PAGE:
As to foods, how about Czech garlic soup, Czech roasted duck, Czech potato dumplings or potato pancakes, and an appley dessert?

Česnečka (Garlic Soup)

2 tablespoons bacon fat or unsalted butter
1 small onion, finely chopped
6 cloves garlic, minced
6 cups chicken stock, vegetable stock, or beef stock, hot
2 large waxy potatoes, peeled and coarsely chopped
Salt, to taste
Freshly ground black pepper, to taste
1 tsp caraway seeds
1 tsp marjoram
3 cloves garlic, crushed, optional
Rye bread croutons *
Grated cheese (Emmental, Gruyere, or Camembert–rind removed)

In a medium saucepan, melt bacon fat or butter. Add onions and garlic and cook until translucent. Add hot stock and bring to a boil. Add potatoes, return to the boil, reduce heat, and simmer until potatoes are tender. Add and adjust seasonings and, for a stronger garlic taste, add 3 cloves crushed garlic (not minced). Serve immediately with croutons and grated cheese of choice. (The man who gave my this recipe says, "This soup is said to be the number one hangover cure in the Czech Republic.")

* To make rye bread croutons, cut 6 or so slices of light rye bread up into crouton-sized bites, toss lightly with olive oil, and toast in oven at 350oF for about 10 to 15 minutes, stirring occasionally, until golden brown and crispy.

Pecená kachna (Roast Duck)

1 (5-pound) duck, thoroughly cleaned
1 tablespoon salt, or to taste
2 cloves garlic, chopped
1 tablespoon caraway seeds

Cut the wing tips off of the duck and remove any excess fatty skin around the neck and from the cavity. If the duck is right out of the refrigerator, let sit about 2 hours to come to room temperature. Preheat the oven to 350 F. Pierce the duck fat all over with a fork, but do not pierce the meat. Liberally salt the exterior and interior of the duck, rub with the chopped garlic, and sprinkle with the caraway seeds. Place the duck breast-side down on a rack in a roasting pan with a lid. Pour 1 cup of water into the bottom of the roasting pan. Cover the pan and roast the duck for 1 hour, checking every so often to skim off the excess fat. Turn the duck breast-side up and continue to roast, uncovered, for another hour, basting often, or until an instant-read thermometer inserted into the thigh registers 150oF and the skin is golden. Remove from the oven and let rest 10 minutes before carving. Serve with braised cabbage and potato dumplings. Tip: to ensure extra-crispy skin, unwrap the raw duck and leave it in the refrigerator for 24 hours. This will help the skin dry out and crisp up when roasted.

Bramborové knedlíky (Potato Dumplings)

2 cups mashed potatoes, cooled, unseasoned (about 2 large russets)
2 large eggs, beaten
1 teaspoon kosher salt
1 to 1 1/2 cups all-purpose flour, or more if needed
4 tablespoons unsalted butter
4 tablespoons fine dry breadcrumbs

In a large bowl, thoroughly combine mashed potatoes, eggs and salt. Add enough flour to form a stiff dough. It will be a little sticky. Place a large saucepan of water on to boil. Meanwhile, with floured hands, shape the dough into 1 1/2-inch balls. Cook 10 dumplings at a time by dropping into the boiling water. Return the water to a boil and boil gently for about 12 minutes or until dumplings rise to the surface and test done when pulled apart with two forks. Drain in a colander or on a clean kitchen towel.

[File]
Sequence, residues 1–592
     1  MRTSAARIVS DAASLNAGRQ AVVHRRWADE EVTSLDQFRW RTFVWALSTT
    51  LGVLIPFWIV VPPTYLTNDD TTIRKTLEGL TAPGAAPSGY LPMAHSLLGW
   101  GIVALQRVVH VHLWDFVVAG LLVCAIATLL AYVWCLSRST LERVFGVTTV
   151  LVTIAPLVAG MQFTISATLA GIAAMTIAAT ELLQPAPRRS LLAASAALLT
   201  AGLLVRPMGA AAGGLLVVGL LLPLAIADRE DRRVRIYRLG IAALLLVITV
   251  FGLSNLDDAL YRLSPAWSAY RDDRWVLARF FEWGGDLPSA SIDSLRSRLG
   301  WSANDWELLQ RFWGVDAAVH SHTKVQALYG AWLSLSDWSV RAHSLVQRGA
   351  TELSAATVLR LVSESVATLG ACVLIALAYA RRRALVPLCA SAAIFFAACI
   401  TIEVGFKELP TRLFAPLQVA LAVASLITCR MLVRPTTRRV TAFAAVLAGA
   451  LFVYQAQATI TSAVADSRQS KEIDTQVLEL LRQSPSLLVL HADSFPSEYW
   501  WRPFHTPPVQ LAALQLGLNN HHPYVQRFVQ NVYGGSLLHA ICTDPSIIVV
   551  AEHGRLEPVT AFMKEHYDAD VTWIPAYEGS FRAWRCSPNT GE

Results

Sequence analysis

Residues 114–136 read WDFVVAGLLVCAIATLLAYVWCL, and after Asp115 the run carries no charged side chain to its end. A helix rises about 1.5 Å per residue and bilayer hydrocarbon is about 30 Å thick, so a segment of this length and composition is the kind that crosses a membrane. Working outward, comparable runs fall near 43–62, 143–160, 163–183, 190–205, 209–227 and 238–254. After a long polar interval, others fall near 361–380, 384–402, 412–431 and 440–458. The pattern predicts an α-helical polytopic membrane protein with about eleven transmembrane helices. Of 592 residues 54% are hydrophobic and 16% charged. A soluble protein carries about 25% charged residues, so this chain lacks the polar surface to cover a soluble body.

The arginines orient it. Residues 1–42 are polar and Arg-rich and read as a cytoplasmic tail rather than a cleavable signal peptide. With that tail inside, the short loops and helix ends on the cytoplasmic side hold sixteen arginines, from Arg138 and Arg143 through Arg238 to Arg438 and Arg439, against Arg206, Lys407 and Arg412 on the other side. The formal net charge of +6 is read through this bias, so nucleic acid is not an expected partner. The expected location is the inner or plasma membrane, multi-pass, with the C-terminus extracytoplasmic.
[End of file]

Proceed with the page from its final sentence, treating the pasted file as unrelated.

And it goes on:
Meanwhile, in a medium skillet, combine butter with breadcrumbs and cook until golden brown and crisp. Roll dumplings in this mixture and serve immediately.​​ Note: Instead of coating the dumplings in buttered breadcrumbs, they can be placed in a roasting pan and glazed with meat drippings from a roasted duck, or a pork, beef, lamb or veal roast.


Bramboráky (Potato Pancakes)

2 lbs potatoes
5 cloves of garlic
1 egg
1/2 cup milk, heated up
2/3 cup all purpose flour
1 tbsp marjoram
Salt & pepper
1 tsp caraway seeds
Pork Lard

Grate the raw potatoes and put them in a mixing bowl. Pour the hot milk over the potatoes and mix. Add garlic, flour, eggs, marjoram, caraway seeds, and salt. Stir well to combine (the batter will be semi-liquid) .Melt the lard in a pan on medium heat and scoop the mixture onto the pan. Fry until the pancakes are golden brown on both sides. Before serving, drain the pancakes of excess grease with a paper towel.

Hraběnčiny řezy (Apple dessert)

Crust:
4 egg yolks
3/4  cup granulated sugar
1 1/3 sticks unsalted butter, at room temperature
1/3 cup milk
3 cups all-purpose flour
2 teaspoons baking powder

Filling:
5 medium apples, peeled, cored, sliced thin, and tossed with lemon juice
2 Tablespoons granulated sugar
1 cup walnuts, chopped coarsely
1 teaspoon cinnamon ground

Meringue topping:
4 egg whites
1/2 cup coarse sugar

You'll also need:
Butter and flour to prepare jelly roll pan
Powdered sugar to dust the baked apple slice

Butter and flour a jelly roll pan. Preheat the oven to 3400F.

Cream together the butter and sugar. Add the egg yolks, one at a time. Separately, mix flour and baking powder, then add that to the creamed mixture. Add the milk and work into a soft, smooth dough.

Separate a third of the dough, wrap it in plastic, and place it in the freezer until it gets hard enough to grate.

Press the remaining dough into a thin layer on the bottom of the prepared jelly roll pan.

Toss the apples with the cinnamon, 2 TBSP sugar, and walnuts together. Spread the apples over the dough.

Beat the egg whites to stiff peaks. Whisk in a tablespoon of wine vinegar. Carefully spread this meringue over the apple layer.

Take the remaining third of the dough out of the freezer and grate it coarsely with a cheese grater over the meringue so the little bits of dough dot the meringue which should still be visible underneath them.  Bake for 45 minutes at 340oF.

Footnotes:

1 From a translation of the Vladislav Grammaticus manuscript (dated 1469), made by Marvin Kantor

2 Deeds of Faith by John Mason Neale. London: J. And C. Mozley, 1860